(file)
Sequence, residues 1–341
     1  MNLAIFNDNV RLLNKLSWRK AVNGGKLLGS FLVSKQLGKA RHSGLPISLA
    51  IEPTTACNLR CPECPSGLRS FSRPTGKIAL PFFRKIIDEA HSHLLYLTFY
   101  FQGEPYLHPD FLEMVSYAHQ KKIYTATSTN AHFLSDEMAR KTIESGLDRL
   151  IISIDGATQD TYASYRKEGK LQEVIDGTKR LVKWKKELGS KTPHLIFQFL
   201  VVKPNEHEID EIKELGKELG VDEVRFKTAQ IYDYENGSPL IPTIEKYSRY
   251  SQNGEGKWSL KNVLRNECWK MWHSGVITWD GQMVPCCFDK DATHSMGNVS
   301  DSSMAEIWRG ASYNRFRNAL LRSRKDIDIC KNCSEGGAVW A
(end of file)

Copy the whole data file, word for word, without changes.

Sequence, residues 1–341
     1  MNLAIFNDNV RLLNKLSWRK AVNGGKLLGS FLVSKQLGKA RHSGLPISLA
    51  IEPTTACNLR CPECPSGLRS FSRPTGKIAL PFFRKIIDEA HSHLLYLTFY
   101  FQGEPYLHPD FLEMVSYAHQ KKIYTATSTN AHFLSDEMAR KTIESGLDRL
   151  IISIDGATQD TYASYRKEGK LQEVIDGTKR LVKWKKELGS KTPHLIFQFL
   201  VVKPNEHEID EIKELGKELG VDEVRFKTAQ IYDYENGSPL IPTIEKYSRY
   251  SQNGEGKWSL KNVLRNECWK MWHSGVITWD GQMVPCCFDK DATHSMGNVS
   301  DSSMAEIWRG ASYNRFRNAL LRSRKDIDIC KNCSEGGAVW A